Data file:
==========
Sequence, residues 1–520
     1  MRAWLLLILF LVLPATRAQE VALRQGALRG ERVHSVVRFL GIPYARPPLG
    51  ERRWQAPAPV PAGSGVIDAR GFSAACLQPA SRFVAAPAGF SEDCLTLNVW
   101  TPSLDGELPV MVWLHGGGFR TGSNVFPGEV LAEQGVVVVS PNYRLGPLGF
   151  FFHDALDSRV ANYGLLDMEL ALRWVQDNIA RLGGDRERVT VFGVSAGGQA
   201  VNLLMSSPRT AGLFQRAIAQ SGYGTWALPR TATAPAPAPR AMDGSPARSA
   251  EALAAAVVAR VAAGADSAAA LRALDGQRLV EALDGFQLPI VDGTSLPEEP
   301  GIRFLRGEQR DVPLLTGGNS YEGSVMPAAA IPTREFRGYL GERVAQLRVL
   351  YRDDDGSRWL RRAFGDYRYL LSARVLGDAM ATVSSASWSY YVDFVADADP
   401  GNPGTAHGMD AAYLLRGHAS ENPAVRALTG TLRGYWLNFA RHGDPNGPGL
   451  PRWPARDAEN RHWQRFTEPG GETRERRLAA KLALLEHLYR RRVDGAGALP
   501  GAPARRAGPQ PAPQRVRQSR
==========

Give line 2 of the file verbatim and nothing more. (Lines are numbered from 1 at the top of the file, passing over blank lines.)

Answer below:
     1  MRAWLLLILF LVLPATRAQE VALRQGALRG ERVHSVVRFL GIPYARPPLG